Cultural legacies are powerful forces. They have deep roots and long lives. They persist, generation after generation, virtually intact, even as the economic and social and demographic conditions that spawned them have vanished, and they play such a role in directing attitudes and behavior that we cannot make sense of our world without them. (Location 1892)

So far in Outliers we’ve seen that success arises out of the steady accumulation of advantages: when and where you are born, what your parents did for a living, and what the circumstances of your upbringing were all make a significant difference in how well you do in the world. (Location 1894)

Note: Those who become successful often have fortuitous advantages such as the location of birth, the occupation of their parents and circumstances of upbringing.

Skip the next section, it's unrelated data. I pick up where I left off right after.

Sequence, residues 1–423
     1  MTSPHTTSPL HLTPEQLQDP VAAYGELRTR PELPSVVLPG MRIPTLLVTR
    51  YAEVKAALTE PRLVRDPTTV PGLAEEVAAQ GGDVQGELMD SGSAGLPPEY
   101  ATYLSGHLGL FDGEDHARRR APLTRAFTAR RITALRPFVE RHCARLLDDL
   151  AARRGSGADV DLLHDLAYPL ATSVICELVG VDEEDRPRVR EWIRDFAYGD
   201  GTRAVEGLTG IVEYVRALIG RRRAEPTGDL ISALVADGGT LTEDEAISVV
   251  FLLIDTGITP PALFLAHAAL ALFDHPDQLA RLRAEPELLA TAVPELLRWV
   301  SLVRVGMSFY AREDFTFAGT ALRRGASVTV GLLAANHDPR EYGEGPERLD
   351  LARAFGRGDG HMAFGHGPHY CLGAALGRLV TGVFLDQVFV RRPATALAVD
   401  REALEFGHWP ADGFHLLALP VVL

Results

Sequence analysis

The question for the second part of Outliers is whether the traditions and attitudes we inherit from our forebears can play the same role. Can we learn something about why people succeed and how to make people better at what they do by taking cultural legacies seriously? I think we can. (Location 1896)

Chapter Seven The Ethnic Theory of Plane Crashes (Location 1899)

These seven errors, furthermore, are rarely problems of knowledge or flying skill. It’s not that the pilot has to negotiate some critical technical maneuver and fails. The kinds of errors that cause plane crashes are invariably errors of teamwork and communication. One pilot knows something important and somehow doesn’t tell the other pilot. One pilot does something wrong, and the other pilot doesn’t catch the error. A tricky situation needs to be resolved through a complex series of steps — and somehow the pilots fail to coordinate and miss one of them. (Location 1978)

Tags: communication